Although homosexuality may or may not have been a significant blip on their radar at the time, there was undoubtedly a stack of other "sin" issues that they were addressing every day in their congregations - and yet they chose not to define Christianity by any of those issues.


Blue Like Jazz is a very good book, and it never gets too heavy. I don't think you'll regret reading it.

Ash said...

Yeah, good post.

A lot of churches would say accept the sinner but not the sin. The problem therein is how do you even go about doing that? A leader of mine knows my problem, and he is clear that he thinks the practice of homosexuality is a sin, but he still loves me as much as before he found out. I have other friends that show the same love regardless of what they know about me. That is what the church should be about.

But I remember one of my commenters said that because I'm in a leader position in certain ministries, it's not the sin that the church should focus on, but rather the consequence of the practiced sin on the people that are watching you. If the sin isn't practiced, what is there to focus on?

Hebrews 12:1 talks about the great cloud of witnesses, so I can understand what he meant about having people watching you, have having the responsibility of not stumbling other Christians. It'd be easier if I was in a less prominent position I guess.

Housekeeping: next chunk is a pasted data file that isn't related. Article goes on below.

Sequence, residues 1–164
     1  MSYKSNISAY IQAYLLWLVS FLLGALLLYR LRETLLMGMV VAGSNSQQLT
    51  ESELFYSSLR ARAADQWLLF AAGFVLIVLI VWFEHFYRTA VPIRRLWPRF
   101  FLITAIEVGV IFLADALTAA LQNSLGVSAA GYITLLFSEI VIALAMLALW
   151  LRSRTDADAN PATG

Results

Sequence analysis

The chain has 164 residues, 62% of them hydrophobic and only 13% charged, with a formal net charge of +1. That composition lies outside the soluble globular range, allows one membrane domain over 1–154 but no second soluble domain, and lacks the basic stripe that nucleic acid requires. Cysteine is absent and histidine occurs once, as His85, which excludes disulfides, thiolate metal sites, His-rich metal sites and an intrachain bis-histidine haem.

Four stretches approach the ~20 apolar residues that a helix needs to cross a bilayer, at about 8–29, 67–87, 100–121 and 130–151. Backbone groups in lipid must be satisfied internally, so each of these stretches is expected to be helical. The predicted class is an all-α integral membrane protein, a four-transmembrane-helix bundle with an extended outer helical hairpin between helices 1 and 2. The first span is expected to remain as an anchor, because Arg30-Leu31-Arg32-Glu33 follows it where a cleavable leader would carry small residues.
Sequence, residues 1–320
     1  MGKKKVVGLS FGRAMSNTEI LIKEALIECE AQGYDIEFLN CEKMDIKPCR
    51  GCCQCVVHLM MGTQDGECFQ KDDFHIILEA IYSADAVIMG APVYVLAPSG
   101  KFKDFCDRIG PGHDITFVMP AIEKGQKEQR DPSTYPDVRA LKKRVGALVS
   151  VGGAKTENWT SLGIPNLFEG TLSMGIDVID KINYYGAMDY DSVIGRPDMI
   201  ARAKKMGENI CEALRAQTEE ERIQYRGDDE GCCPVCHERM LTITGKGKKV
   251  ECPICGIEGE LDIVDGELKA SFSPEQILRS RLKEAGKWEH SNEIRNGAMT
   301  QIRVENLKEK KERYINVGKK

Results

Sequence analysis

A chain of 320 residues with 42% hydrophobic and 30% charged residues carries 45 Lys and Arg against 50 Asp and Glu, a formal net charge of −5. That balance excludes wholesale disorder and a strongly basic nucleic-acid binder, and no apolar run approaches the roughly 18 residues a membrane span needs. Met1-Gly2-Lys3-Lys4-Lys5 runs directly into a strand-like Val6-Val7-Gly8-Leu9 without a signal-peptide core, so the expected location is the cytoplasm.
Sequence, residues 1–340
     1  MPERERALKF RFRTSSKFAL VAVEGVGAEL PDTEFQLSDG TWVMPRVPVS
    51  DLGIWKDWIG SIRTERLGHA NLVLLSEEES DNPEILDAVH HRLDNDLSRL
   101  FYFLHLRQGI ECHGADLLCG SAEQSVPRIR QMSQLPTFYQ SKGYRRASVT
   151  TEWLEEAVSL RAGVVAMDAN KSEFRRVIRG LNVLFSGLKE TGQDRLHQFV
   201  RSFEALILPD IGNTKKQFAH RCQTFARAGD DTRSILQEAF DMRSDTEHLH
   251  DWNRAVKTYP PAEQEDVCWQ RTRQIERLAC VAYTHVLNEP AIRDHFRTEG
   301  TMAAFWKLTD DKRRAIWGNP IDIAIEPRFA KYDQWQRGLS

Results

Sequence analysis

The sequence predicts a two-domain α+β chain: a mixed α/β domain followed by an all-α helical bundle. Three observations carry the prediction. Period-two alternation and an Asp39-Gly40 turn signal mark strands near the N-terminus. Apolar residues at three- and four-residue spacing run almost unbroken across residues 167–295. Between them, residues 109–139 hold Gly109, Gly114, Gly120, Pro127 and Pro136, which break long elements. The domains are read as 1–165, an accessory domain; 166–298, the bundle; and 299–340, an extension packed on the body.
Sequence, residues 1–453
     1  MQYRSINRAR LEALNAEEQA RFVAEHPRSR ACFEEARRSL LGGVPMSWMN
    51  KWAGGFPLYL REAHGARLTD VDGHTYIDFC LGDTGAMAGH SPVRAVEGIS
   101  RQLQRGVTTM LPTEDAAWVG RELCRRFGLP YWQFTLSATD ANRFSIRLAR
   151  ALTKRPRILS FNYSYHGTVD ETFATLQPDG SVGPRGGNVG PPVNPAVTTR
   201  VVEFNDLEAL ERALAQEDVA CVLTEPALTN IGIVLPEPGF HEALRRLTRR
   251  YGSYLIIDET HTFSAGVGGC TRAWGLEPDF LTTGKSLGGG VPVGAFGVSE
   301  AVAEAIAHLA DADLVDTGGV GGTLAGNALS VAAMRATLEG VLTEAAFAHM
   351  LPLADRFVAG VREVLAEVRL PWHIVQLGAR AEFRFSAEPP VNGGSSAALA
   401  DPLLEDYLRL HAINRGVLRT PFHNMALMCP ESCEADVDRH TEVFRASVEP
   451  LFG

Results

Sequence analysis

existentialist said...

Hello I came in off my friend Eric's blog. I really enjoy this post. I am a convert to the Orthodox Christian faith and finding it to be like swimming upstream.

Steve said...

Interestingly enough, you're the third person to reference Blue Like Jazz in as many days. Guess I'd better find me a copy of it...

As for same-sex marriage and doctrine, I'd encourage you to read up on Tom's blog over at PurpleScarf. Tom is a retired lawyer, civil-rights advocate, a former Catholic (religious instructor, not priest) who is passionate about God's love for gays & lesbians, regardless of what the religious right says. His presentations are reasoned, thorough and logical, yet passionate.

His partner, whom you can read over at Damien's Spot, is a former Carmelite priest who left because of Catholicism's attitude toward gays, not because of any misdeeds so typical of ex-priests. He, too, is a passionate defender of SSM.

I've just found your site, so it will be fun to catch up with your thoughts and experiences.

Eugene said...


Thanks for the links; I've bookmarked them.